One of the key ingredients of a good sustainable garden is to guide the garden into duplicating natural patterns while also getting it to provide food, fuel, and building materials. While there are many things that need to be understood to accomplish this, one of the most important is to understand the natural progression of vegetation.
While I'm not going into extreme detail, it is important to have the picture of the plant life in a temperate 'juvenile' area to be annuals, new perennials, and very young woody plants. As the years progress the dominant plants are 'climax' woody plants with an assortment of shorter plants making the most of life underneath the climax plants. How tall the climax plants are depends a great deal on how much water is available as well as many other growing conditions.
For instance, in spots in California, the climax trees are giant red woods. In places in Utah, the best we can do is medium sized sagebrush.
In a traditional garden the climax plant is often an annual that will be cut down at the end of the growing season. In a forest garden it is often a large fruit or nut tree that produces food for many years.
Because of this long term food production, there are many who think this is the ultimate in gardening and that they are fully obeying nature's laws.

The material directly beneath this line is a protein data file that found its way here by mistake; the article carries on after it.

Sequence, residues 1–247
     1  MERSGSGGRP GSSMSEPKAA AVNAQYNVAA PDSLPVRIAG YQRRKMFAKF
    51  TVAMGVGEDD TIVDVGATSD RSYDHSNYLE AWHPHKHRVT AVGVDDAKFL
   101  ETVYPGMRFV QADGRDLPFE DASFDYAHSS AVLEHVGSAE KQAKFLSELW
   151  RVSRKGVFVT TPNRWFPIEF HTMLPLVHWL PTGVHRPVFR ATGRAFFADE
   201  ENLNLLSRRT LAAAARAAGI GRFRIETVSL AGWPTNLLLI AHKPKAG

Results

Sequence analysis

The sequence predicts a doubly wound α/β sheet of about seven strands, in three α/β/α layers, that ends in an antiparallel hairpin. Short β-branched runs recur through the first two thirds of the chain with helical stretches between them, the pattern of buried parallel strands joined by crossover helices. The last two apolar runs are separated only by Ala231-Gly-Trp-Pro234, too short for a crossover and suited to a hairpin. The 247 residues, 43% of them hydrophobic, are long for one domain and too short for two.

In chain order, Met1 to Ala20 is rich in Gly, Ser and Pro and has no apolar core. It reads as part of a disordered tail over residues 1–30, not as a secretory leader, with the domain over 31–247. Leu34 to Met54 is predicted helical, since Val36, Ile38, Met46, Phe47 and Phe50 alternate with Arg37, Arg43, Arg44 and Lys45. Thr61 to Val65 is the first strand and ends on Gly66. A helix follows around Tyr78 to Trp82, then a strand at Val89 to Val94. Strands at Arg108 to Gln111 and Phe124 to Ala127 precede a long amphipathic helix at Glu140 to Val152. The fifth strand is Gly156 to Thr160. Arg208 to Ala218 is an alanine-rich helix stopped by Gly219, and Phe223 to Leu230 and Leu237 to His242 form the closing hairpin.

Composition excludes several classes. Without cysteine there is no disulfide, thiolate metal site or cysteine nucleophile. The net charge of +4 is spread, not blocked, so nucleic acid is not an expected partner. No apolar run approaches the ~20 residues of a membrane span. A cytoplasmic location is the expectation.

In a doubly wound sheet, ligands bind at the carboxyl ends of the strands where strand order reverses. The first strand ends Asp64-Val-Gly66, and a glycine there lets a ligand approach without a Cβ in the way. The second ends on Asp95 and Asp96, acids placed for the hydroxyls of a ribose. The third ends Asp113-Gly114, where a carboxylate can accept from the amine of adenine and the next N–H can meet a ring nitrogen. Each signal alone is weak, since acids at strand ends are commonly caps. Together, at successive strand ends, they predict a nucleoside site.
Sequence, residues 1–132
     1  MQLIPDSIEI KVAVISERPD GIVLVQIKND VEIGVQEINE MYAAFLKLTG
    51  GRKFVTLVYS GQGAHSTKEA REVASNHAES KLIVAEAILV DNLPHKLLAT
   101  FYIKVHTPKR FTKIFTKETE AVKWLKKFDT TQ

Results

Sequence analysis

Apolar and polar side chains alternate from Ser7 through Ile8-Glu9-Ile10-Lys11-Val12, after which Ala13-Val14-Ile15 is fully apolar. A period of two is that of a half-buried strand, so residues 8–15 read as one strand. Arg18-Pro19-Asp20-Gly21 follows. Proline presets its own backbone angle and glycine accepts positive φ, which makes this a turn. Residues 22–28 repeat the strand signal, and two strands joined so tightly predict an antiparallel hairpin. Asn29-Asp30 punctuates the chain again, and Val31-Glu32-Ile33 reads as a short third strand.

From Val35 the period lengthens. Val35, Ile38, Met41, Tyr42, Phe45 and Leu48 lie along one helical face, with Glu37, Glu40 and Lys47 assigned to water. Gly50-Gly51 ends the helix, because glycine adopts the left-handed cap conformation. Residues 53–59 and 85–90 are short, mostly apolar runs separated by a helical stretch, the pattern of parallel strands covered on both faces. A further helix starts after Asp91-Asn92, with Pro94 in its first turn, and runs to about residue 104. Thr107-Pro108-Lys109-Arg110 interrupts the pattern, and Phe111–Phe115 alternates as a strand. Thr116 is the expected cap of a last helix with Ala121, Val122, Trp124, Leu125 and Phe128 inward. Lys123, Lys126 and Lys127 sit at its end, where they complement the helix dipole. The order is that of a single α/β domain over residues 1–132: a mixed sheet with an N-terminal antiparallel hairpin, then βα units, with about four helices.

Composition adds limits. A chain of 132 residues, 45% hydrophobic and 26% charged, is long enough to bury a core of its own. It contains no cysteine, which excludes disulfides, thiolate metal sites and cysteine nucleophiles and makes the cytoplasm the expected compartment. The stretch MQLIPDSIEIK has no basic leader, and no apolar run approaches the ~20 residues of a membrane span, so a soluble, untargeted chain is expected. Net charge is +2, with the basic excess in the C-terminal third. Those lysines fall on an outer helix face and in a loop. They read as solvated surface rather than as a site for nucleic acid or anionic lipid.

I myself would have to disagree with this conclusion.
Even now I hear the cries of "burn the heretic!" But please, consider that the food forests that the American Indians maintained were in fact maintained. That is, they were burned to eliminate undesirable plants and cut out competition from younger plants that might cut down on production.
This is in fact not a climax condition anymore that a tilled garden is. (Please remember that I am not a fan of tilling!) It is an artificially maintained condition that nature is fighting against.
So if what I am saying is correct, why am I saying it? Because real sustainable gardening is about choosing the best option for what your conditions, resources, and production needs are. It is about letting your garden progress to the level it needs to be, then starting the cycle over again.
This start may be taking the orchard to the ground and planting vegetables. Or it may be replacing a worn out tree by planting the new one in part of the annual patch and planting vegetables where the old tree was.
Or whatever. It really depends on conditions, resources, and productions needs coupled with what you have observed works.